Questioner: You compare Raman with Buddha who happened in distant past. Why not compare him with Krishnamurti, who is so close by?

The question of being close or distant does not arise. Krishnamurti is exactly like Raman. I compare Arvind with Raman and Buddha for a special reason. In the experience of truth, Krishnamurti is very much like Raman, but he lags behind Arvind in knowledge. Of course, he is more articulate and logical than Raman. And there is a great difference between Krishnamurti and Arvind in so far as the use of logic and reason is concerned.

Arvind uses logic to reinforce his arguments; Krishnamurti uses logic to destroy logic; he makes full use of reason in order to lead you beyond reason. But he is not much knowledgeable. That is why I chose Buddha as an example; he compares well with Arvind in knowledge and with Raman in self-knowledge.

As far as Krishnamurti is concerned, he is like Raman in transcendental experience, but he is not scholarly like Arvind.

There is yet another difference between Raman and Krishnamurti. While Raman’s statements are very brief, Krishnamurti’s statements are voluminous. But in spite of their large volume, Krishnamurti’s teachings can be condensed in a brief statement. For forty years Krishnamurti has been repeating the same thing over and over again. His statements can be condensed to a postcard.

But because he uses reason in his statements, they grow in volume. Raman is precise and brief; he avoids volume. You can say that the statements of both Krishnamurti and Raman are atomic, but while Krishnamurti embellishes them with arguments, Raman does not. Raman speaks, like the seers of the Upanishads, in aphorisms. The Upanishads just proclaim: the Brahman, the supreme is; they don’t bother to advance any argument in their support. They make bare statements that, “It is so” and “It is not so.” Raman can be compared with the Upanishadic rishis.

Questioner: Please tell us something about Raman’s ajatvad or the principle of no-birth.

According to Raman and people like him, that which is has no beginning, it was never born, it is unborn. The same thing has always been said in another way: that which is will never die, it is deathless, it is immortal. There are hundreds of statements which proclaim the immortality of Brahman, the ultimate, who is without beginning and without end. Only that which is never born can be immortal, that which is beginningless. This is Raman’s way of describing the eternal.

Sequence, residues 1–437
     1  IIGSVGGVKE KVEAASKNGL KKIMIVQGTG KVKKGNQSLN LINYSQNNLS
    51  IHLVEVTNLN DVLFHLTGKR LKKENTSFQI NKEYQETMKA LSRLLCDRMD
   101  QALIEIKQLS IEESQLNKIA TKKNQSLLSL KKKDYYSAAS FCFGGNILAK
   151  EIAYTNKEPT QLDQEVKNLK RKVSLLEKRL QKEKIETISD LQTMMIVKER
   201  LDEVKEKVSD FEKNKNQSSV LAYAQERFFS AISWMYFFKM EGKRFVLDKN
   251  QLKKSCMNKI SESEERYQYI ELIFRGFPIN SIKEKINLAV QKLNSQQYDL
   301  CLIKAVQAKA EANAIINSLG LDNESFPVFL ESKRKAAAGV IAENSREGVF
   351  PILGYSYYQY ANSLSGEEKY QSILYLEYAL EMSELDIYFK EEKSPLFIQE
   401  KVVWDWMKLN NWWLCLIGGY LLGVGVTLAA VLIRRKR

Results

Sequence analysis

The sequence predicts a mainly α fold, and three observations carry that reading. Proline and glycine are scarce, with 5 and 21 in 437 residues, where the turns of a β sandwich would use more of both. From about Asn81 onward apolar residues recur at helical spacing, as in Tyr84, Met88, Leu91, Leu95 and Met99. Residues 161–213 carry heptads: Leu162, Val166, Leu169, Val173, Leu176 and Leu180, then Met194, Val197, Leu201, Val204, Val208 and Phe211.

Do you know when you were born? You don’t. Yes, there are records of your birth which others have kept, and through them that you came to know that you were born on a certain date, month and year. This is just information received from others. Apart from this information you have no way to know that you were born. There is no intrinsic, inbuilt source of information within you which can tell you about it; you have no evidence whatsoever to support the fact of your birth. The truth of your innermost being is eternal, so the question of its birth does not arise. In fact, you were never born; you are as eternal as eternity.

You say you will die someday, but how do you know it? Do you know what death is? Do you have any experience of death? No, you will say you have seen others die, and so you infer that you too will die someday. But suppose we arrange things and it is quite possible, that a certain person is not allowed to see any other person die. Can he know on his own that he is ever going to die? He cannot. So it is just your conjecture, based on external evidence that you will die in some future.

There is no internal evidence, no intrinsic source of knowledge within you which can sustain your conjecture that you will die. That is why a strange thing happens, that in spite of so many deaths taking place all around, no one really believes that he is going to die; he believes while others will die he is going to live. Your innermost being knows no birth and no death; it is eternal. You only know that you are.

Raman asks you not to guess, but find out for yourself if there is really birth and death. You have no inner evidence in support of birth and death; the only dependable evidence available within you says, “I am.”

I too, say to you there is every evidence that makes you know, “I am.” And if you go still deeper you will know, “I am not.” Then you will know only a state of “am ness” within you.

– Osho

Excerpted from: Krishna: The Man and His Philosophy, Chapter 14.

You can read the entire book online at the Osho Library.

Many of Osho’s books are available online from Amazon.com and in the U.S. from OshoStore-Sedona and Osho Here and Now.

Who Am I? – Ramana Maharshi

The following is excerpted from the small book by Ramana Maharshi entitled Who Am I?

What is the nature of the mind?

What is called mind is a wondrous power residing in the Self. It causes all thoughts to arise. Apart from thoughts, there is no such thing as mind. Therefore, thought is the nature of mind. Apart from thoughts, there is no independent entity called the world. In deep sleep there are no thoughts, and there is no world. In the states of waking and dream, there are thoughts, and there is a world also. Just as the spider emits the thread (of the web) out of itself and again withdraws it into itself, likewise the mind projects the world out of itself and again resolves it into itself. When the mind comes out of the Self, the world appears. Therefore, when the world appears (to be real), the Self does not appear; and when the Self appears (shines), the world does not appear. When one persistently inquires into the nature of the mind, the mind will end leaving the Self (as the residue). What is referred to as the Self is the Atman. The mind always exists only in dependence on something gross; it cannot stay alone. It is the mind that is called the subtle body or the soul (jiva).

What is the path of inquiry for understanding the nature of the mind?